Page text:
When we did meet up a month later and talked about our previous interaction (he also showed me the most insane dice skills I have ever seen, but that's for another article) I asked him if he thought my reaction at that time was over the top. He said it surprised him a lot, as he was accustomed to people only treating him with calm and cordiality, but that he appreciated it.

This is a thing I’ve noticed when a magician shows other magicians something that is amazing. Many times the reactions the magician gets (from his magician pals) are quite… dry. I’ve seen this sort of reaction mostly from magicians over 40 (teenagers are quicker to let their feelings get the best of them) and, from my opinion, it sucks. Being on the receiving end many times, I can say it feels so unsatisfying, especially when you have worked on something for a LONG time and you pull it off perfectly.

I’ve observed how other magicians feel when they get these superficial reactions from other people in the branch. They’re emotionless. Soulless. Then I have observed how they light up when someone (either a teen or a young adult) really reacts to their magic. 

Still, the best sort of reaction I have observed comes out when they’d be performing for someone, that person reacts enthusiastically and then follows up with an idea of their own, creating this beautiful back and forth between magic-buddies. It's like looking at two friends playing ball together in their backyard.

Now, I'm not saying everyone should start exaggerating their reactions. A thing I noticed Spanish magicians do is repeatedly hit the table with their knuckle when they see a good magic performance (as a sort of applause) and this really lights up the atmosphere. I think that's pretty nice.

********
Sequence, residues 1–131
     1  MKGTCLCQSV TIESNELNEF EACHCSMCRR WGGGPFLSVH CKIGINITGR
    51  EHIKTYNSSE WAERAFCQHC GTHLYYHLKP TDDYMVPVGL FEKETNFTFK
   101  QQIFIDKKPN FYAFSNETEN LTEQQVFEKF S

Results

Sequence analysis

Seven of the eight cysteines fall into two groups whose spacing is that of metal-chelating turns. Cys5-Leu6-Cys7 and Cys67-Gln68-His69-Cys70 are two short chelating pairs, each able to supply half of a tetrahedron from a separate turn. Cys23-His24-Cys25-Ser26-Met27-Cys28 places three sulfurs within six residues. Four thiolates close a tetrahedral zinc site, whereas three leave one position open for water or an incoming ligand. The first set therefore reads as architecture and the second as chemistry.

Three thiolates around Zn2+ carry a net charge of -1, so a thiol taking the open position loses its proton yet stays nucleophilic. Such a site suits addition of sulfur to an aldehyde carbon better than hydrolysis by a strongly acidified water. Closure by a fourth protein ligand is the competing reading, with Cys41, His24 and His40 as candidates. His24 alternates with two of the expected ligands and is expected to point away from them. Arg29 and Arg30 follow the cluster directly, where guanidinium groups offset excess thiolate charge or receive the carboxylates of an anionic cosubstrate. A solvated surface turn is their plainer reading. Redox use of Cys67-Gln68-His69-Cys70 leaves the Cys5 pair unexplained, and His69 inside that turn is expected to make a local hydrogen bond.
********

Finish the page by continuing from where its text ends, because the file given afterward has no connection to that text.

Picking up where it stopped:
How do you react when you see magic?

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Joe Givan - November 4, 2022

Well – interesting observations. Not sure how I think about the over 40 crowd not reacting so well. I have been doing this stuff a long time, headlining magic conventions and lecturing around the world. I’ve always had an issue with “magicians” holding back their reactions – especially when it comes to them watching others do something remarkable. For many of us it is such a rare occurrence to be amazed that I find it insulting and petty when another magician doesn’t express appreciation when they have experienced the very thing that attracted us to the art in the beginning.

Maybe, in your experience, the older folks don’t react as strongly (or loosely) because they feel that their “wisdom” and lengthy involvement in magic should not allow such a thing to happen; that they will appear more vulnerable or less respected because they “should know better”? I don’t think it’s particular to an age group, however, as I have seen a lot of young performers hold back, as well.

What I don’t understand is why ANY magician would hold back an open and emotional reaction if they are amazed. I am the first to congratulate a performer who does this to me and heartily thank them for giving me the gift of wonder. It’s so incredibly rare that it literally feels great when it happens! When I think I have amazed a colleague and they hide the reaction, I call ’em on it! Not to be confrontational, but to let them know that it would be nice if they could relax, get into the moment, and be honest instead of having to be “cool”. We both benefit from the interaction.